No matter what you end up switching to, you’ll be in a better place, because both natural gas and electric heating are going to be a less expensive way to heat your house.
However, let’s take a moment to think long-term. (Stay with us here.)
If you’re going to do a big home HVAC system improvement—including changing the type of heating fuel you use in your home—you should really consider upgrading to the most energy-efficient HVAC system possible: an electric cold-climate heat pump.
You can learn all about heat pumps here (they’re amazing, by the way) or check out the short video later in this article, but we want to talk about natural gas heating for a moment.
In many areas of the country, historically, natural gas pricing has been less expensive, and therefore, an affordable way to heat a home.
However, in the last couple of years, we’ve seen the price of natural gas skyrocket right alongside heating oil—all due to unpredictable global market factors.
And such is the risk of heating your home with fossil fuels. Electricity is generated by a mix of energy sources, so it tends to be more price-stable over time.
While many homeowners buy into the myth that electric heating is really expensive and inefficient, that’s mostly due to the use of electric resistance heating—not due to modern electric heat pumps.
Electric resistant heat is fine as an emergency back-up solution, but using this heating method as a primary way to warm your home all winter is basically like heating your home with a toaster.
It’s not efficient at all. Read electric resistance heating vs heat pumps to learn more.
But cold-climate heat pumps are the best electric home heater and the most energy-efficient way to heat a home. (With amazing efficiency ratings to prove it.)
Plus, all-season cold-climate heat pumps also function as an air conditioner in summer—they’re a two-in-one energy-efficient technology… and that’s why we like to affectionately call them the Tesla of HVAC.
Heat pumps also don’t burn fossil fuels to keep your home warm. Check out the quick video below to see how they work:
Because they don’t use fossil fuels, that means you’ll automatically get an improvement in indoor air quality and lower your risk of carbon monoxide exposure.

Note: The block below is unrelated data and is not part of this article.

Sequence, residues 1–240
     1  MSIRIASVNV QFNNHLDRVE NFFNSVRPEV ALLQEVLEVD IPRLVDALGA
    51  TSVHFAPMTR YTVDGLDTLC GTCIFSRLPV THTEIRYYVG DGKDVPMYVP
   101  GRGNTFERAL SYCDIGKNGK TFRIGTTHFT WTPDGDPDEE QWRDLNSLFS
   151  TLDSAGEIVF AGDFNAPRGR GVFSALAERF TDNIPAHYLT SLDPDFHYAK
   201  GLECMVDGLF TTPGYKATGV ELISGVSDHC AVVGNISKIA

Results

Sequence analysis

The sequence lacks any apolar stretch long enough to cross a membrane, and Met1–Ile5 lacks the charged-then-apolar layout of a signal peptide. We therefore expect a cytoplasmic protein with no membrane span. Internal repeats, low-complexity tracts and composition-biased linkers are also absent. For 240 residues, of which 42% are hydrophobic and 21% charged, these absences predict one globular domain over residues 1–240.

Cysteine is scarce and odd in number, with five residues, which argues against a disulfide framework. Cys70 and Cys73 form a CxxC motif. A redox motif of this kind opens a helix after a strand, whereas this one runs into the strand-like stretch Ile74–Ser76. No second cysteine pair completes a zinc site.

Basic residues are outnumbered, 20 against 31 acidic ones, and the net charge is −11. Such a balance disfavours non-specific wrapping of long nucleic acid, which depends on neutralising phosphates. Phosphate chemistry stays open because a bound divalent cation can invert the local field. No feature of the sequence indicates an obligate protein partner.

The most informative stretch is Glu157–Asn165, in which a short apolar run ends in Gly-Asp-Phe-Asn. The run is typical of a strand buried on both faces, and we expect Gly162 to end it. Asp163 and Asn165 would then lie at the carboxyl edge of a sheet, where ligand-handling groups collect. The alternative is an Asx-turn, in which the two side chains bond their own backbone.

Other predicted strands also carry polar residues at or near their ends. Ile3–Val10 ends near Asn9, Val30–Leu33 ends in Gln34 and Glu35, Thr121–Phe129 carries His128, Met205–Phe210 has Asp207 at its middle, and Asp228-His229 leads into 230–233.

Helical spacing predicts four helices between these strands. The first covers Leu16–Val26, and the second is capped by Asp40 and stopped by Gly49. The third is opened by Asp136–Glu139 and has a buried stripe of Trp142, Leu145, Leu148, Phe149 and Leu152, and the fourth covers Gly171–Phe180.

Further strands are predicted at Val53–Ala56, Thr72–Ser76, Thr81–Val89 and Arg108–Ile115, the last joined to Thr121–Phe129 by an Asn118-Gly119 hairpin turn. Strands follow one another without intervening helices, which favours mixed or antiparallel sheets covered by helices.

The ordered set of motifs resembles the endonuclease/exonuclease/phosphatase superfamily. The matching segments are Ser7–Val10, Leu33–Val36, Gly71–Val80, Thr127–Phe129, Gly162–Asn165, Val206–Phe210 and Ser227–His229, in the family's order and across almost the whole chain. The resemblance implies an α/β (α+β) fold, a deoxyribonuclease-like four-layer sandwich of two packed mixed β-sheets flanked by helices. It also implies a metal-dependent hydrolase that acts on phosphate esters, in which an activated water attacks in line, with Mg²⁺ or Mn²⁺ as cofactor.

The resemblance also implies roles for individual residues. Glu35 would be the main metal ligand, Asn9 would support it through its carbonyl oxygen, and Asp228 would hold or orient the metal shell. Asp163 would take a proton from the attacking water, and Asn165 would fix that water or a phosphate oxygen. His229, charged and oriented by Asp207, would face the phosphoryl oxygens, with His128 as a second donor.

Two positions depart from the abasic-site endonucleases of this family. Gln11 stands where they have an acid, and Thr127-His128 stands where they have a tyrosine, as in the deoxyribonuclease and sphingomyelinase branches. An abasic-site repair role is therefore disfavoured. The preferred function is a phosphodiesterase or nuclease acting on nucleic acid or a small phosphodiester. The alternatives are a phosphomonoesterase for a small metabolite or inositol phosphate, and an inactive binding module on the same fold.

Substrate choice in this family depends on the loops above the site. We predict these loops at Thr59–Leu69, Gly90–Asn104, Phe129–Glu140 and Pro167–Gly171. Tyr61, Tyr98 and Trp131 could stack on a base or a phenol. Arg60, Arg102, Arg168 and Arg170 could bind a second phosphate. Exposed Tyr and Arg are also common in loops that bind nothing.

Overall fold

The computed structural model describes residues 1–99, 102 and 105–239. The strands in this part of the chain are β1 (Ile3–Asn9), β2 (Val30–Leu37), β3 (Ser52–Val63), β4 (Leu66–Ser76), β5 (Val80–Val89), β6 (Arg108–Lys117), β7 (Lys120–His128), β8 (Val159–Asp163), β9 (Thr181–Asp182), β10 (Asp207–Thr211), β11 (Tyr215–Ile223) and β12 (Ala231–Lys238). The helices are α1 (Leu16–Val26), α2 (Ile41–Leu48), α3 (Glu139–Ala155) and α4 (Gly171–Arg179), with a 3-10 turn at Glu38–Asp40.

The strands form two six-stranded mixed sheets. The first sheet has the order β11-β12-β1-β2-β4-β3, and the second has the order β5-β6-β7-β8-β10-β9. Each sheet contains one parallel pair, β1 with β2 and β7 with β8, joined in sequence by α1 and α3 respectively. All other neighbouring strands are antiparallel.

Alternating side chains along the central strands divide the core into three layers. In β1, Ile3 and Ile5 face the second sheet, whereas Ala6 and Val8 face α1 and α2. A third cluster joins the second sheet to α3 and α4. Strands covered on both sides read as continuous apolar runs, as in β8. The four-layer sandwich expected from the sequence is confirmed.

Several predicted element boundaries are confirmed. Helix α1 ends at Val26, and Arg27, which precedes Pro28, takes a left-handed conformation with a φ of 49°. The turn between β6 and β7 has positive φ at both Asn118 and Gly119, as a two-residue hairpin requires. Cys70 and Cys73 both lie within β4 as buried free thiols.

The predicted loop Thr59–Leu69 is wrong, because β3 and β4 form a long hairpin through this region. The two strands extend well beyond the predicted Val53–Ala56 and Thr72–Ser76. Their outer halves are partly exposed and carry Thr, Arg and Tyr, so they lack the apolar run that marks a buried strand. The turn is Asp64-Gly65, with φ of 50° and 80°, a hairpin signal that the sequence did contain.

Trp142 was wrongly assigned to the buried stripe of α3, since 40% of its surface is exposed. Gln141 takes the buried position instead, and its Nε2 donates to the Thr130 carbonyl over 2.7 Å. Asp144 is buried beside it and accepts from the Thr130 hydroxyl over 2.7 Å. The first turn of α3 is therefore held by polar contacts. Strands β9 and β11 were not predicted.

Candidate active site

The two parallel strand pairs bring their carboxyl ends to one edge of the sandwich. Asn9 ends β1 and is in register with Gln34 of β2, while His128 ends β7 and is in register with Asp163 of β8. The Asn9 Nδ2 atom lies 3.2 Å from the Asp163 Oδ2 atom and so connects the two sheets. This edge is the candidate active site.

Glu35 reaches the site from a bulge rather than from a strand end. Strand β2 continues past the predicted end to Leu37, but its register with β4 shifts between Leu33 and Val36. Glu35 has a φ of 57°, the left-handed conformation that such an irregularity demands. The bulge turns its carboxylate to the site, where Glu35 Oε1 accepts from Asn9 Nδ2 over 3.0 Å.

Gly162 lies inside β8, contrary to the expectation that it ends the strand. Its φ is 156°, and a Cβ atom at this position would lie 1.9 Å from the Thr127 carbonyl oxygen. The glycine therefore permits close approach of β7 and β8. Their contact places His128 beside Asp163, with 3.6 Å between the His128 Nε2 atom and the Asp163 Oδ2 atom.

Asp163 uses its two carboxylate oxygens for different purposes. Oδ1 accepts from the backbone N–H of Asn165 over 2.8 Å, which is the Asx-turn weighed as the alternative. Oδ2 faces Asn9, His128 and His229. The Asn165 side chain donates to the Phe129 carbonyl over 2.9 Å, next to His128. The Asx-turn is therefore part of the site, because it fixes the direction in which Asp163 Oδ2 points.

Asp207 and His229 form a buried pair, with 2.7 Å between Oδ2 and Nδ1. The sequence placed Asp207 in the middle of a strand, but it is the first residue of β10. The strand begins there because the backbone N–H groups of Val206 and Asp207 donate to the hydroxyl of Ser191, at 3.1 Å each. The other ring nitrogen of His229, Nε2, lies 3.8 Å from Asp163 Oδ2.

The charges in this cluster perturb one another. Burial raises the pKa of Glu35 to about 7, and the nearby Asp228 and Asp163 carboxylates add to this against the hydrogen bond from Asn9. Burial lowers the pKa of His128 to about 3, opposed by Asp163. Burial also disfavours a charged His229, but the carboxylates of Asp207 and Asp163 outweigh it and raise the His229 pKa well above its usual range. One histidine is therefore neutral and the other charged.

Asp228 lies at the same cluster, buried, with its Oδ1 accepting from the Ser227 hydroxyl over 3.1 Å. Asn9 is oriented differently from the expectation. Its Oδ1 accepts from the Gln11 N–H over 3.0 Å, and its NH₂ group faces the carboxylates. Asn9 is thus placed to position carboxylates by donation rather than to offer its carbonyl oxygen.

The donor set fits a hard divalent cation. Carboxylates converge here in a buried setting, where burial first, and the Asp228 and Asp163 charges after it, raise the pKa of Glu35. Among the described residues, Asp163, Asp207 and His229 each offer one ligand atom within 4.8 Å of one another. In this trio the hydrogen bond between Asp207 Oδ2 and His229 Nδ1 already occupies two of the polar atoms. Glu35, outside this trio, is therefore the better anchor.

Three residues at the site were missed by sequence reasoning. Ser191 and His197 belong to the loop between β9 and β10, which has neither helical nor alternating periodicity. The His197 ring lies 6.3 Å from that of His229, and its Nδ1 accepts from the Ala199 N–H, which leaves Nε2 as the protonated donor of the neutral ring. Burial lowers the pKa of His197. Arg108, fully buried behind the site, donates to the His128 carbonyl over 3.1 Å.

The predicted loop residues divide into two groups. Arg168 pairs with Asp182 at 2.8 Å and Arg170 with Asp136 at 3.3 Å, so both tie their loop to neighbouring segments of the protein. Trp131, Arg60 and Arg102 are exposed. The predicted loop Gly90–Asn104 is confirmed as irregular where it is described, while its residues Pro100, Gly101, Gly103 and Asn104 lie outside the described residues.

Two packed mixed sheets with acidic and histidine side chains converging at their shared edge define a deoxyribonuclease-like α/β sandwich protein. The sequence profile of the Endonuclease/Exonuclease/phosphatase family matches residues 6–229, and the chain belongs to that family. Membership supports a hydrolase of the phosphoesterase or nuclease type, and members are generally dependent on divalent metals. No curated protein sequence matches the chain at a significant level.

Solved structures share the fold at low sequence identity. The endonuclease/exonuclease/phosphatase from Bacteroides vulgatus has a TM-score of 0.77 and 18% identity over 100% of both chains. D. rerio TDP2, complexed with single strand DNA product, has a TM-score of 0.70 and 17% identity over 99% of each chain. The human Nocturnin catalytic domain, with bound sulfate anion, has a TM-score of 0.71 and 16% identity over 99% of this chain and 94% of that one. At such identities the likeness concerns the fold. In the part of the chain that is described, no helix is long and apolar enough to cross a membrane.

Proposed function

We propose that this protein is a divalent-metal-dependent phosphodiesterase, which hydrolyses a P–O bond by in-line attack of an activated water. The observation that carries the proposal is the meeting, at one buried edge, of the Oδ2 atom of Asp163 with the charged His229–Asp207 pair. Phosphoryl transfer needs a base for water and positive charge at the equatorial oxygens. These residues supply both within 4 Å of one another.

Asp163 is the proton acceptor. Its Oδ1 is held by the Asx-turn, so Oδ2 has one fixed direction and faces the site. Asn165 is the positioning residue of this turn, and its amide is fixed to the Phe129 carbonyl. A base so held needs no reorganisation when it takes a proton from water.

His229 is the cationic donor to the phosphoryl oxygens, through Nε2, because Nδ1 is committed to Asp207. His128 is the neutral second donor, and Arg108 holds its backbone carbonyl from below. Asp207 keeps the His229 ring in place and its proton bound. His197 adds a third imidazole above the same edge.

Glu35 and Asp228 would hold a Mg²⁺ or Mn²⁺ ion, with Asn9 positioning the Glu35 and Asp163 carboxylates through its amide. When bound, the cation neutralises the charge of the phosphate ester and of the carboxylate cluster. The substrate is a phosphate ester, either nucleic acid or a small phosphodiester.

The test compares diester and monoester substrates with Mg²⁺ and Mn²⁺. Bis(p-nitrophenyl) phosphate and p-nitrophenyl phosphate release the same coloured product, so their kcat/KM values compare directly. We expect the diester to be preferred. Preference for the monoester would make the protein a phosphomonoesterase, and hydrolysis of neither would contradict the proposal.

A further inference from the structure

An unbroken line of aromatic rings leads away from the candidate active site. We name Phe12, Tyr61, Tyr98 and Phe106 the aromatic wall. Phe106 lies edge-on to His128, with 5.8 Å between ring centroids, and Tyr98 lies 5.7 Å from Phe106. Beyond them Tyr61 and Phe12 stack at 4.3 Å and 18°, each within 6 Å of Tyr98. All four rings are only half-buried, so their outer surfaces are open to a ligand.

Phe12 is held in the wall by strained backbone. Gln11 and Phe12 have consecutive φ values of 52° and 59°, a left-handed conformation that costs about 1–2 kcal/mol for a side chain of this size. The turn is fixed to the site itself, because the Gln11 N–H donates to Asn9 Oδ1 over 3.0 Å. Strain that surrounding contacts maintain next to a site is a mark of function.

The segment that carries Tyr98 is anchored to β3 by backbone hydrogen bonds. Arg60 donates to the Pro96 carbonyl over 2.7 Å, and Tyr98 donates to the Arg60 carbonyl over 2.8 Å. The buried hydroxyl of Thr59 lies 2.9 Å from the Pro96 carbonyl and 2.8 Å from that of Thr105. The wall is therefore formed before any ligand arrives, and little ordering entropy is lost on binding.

(There’s no carbon monoxide risk with an electric heat pump).
We love heat pumps so much that they’re the only HVAC system we install, but we’re not the only experts who agree that heat pumps are the most comfortable and efficient way to heat and cool your home.
Pair a heat pump HVAC system upgrade with top-to-bottom whole-house weatherization, and you’ll be the most comfortable, efficiently heated home in the neighborhood.
Bonus: Your local utility company—and the federal government—loves when you use less energy (and love when you say goodbye to your oil tank)… so there are plenty of heat pump tax credits and financial incentives to help lessen the burden of the upgrade.
Still using expensive heating oil amidst high prices? Switch at no upfront cost
If you’re tired of worrying about high heating oil prices every year, we can help you fix that.
At Sealed, we’re on a mission to make every home feel amazing—permanently—and cut home energy waste for good.
You can say goodbye to expensive heating oil by switching to a heat pump at no upfront cost if your house qualifies to work with Sealed.
And, if it’s needed, we can help you weatherize your home against drafty winters and stuffy summers, making the most of your new home heating system, curbing energy waste, and increasing your health and comfort at the same time.
Here’s how we do it:
If your house qualifies, you’ll get a free expert energy assessment of your home, and we’ll create a customized plan for your energy upgrades. (You’ll get everything you need and nothing you don’t!)
After you approve the plan, we’ll hire and vet the best local contractors and manage the project from start to finish. (And if you don’t save energy, we take the hit.)
FAQs about home heating oil and high heating oil prices
Check out some of the most common questions about heating oil and heating oil prices.
Tab below to skip ahead!
- Will home heating oil prices go down?
- What to do about heating oil rations
- What are the disadvantages of oil heating?
- What is heating oil made of?
- How toxic is heating oil?
- Is home heating oil carcinogenic?
Will home heating oil prices go down?